Reviewed on PC.

What makes a lovely planet? One free from pollution? A world without war? One without cares? If you ask QUICKTEQUILA, the de facto judges on what makes a lovely planet – thanks to their quartet of Lovely Planet games – they’ll say it should be a perfectly choreographed, lightning fast, pinpoint accurate murder ballet. Lovely.

Lovely Planet 2 Featured

While Lovely Planet 2: April Skies, may be the 4th instalment to the series, it is the first mechanical sequel, following in the footsteps of the original Lovely Planet. If you’ve played any of the past games before, you’ll immediately be familiar with the cutesy minimalism and sprightly, bouncy Japanese-inspired soundtrack that keeps anything from getting in the way of the gameplay. Unlike the first game however, Lovely Planet 2: April Skies is much faster than the original, as it’s built upon everything learned over the series. Not only do you physically move faster, but you and enemies both have speedier projectiles, so your reactions will be tested to their limits.

This increased speed makes Lovely Planet 2 feel more intense than any of its predecessors, as every movement and shot needs to be reactionary, rather than a precisely timed and calculated action. In the first Lovely Planet, playing flawlessly through a level felt like executing a perfectly calculated plan, as you’d fire off a shot that you had to know would hit, and turn to the next target or platform before it even landed. This had every level feeling like a choreographed dance that required an immense amount of work to learn and perfect, which would give an immensely satisfying payoff.

Seeing the entire level seems good till you realise they’re all shooting at you

In Lovely Planet 2, however, there’s much less of this feeling, as you’re often faced with problems you can see coming at you, rather than ones you have to anticipate and plan shots for. There are still moments where you’ll be able to create a brutally fast gun ballet as you jump over a level, shooting out perfectly placed shots, but these moments are the exception rather than the rule. More often than not, enemies will be tucked away or come dashing at you, so you’re reacting in real-time rather than knowing what there is to come. This takes away from the feeling of making your own shooting choreography to get through the level, as the order can be dictated by when enemies approach you or come into view.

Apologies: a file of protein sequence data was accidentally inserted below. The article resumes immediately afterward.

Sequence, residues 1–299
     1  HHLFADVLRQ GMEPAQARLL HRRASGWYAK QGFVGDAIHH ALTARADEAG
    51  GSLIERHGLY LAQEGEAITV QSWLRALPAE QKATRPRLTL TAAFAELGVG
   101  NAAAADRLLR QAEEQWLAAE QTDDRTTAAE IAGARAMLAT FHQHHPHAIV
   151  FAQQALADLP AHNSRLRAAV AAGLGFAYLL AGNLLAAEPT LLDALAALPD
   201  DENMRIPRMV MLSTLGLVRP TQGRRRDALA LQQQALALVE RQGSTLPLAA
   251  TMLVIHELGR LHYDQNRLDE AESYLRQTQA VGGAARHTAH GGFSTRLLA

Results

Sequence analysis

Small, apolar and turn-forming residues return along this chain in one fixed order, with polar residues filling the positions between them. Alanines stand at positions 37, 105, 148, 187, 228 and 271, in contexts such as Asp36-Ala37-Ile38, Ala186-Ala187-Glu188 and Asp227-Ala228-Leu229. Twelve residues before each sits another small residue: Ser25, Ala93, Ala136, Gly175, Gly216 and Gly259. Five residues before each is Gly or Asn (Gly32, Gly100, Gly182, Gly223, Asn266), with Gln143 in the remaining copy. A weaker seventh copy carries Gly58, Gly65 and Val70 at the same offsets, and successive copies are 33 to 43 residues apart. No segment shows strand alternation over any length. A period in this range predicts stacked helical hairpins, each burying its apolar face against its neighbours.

You can, of course, learn what’s to come through repeated attempts or playthroughs of a level, as you would do in the original Lovely Planet, but this isn’t nearly as necessary in Lovely Planet 2. In the first game, even when you knew what was coming at you, the game was still very difficult to beat, as each shot had to be on time and in the right place. Conversely, In Lovely Planet 2, the levels are significantly easier, as enemies or difficult platforming sections come in sequence rather than at the same time or in great numbers. Because of this, so long as your reactions are half way decent, you’ll emerge victorious without too much trouble.

Warping to where the enemy you just killed never gets old

Despite this greatly reduced difficulty, Lovely Planet 2: April Skies, is still a joy to play through, as it’s a different test of skills compared to the other games. While difficulty in the first game made beating it rewarding, the lack of it in April Skies does not make it a bad game, as its a lot of fun to just play through instead of trying to master the game. Whilst the faster gameplay does make for a more intense experience, the overall atmosphere of the game is far more relaxing than its predecessors. Not being bogged down by mistakes that haunt you until you beat a level helps.

Lovely Planet 2 might have you going a lot faster, but as in the series’ previous games, there’s little in the way of momentum conservation to maximise your speed. You’ll find yourself reaching maximum velocity almost immediately after pressing forward. Instead, the game is all about finding the best line throughout the level to clear out every enemy on your way to the exit. When you’re straying from the norm and making your own slightly faster path through the level, the game comes alive, as you feel like a trailblazer pushing what you can do – making harder jumps and shots all in the pursuit of the precious seconds that’ll send you rocketing up the leaderboards.

If you’re up this close then something has usually gone rather wrong

While many of the 100+ levels in Lovely Planet 2 have been expertly crafted with player freedom and versatility in mind, giving players excellent vantage points and clear sightlines, there are also several levels which force the player down a linear path, stifling almost all player creativity. However, despite this linearity, the levels are still deeply enjoyable, showing just how well built and developed Lovely Planet 2 is.

While Lovely Planet 2: April Skies is a vague departure from previous games in terms of different difficulty levels, it’s still an exceedingly enjoyable and well designed entry in the series. The minimalistic design means that nothing gets in the way of gameplay, allowing for a real test of skill that’ll hook every player into playing it over and over again. In short, Lovely Planet 2 really is just lovely all the way through.

You can pick up Lovely Planet 2: April Skies on Steam here.

Comments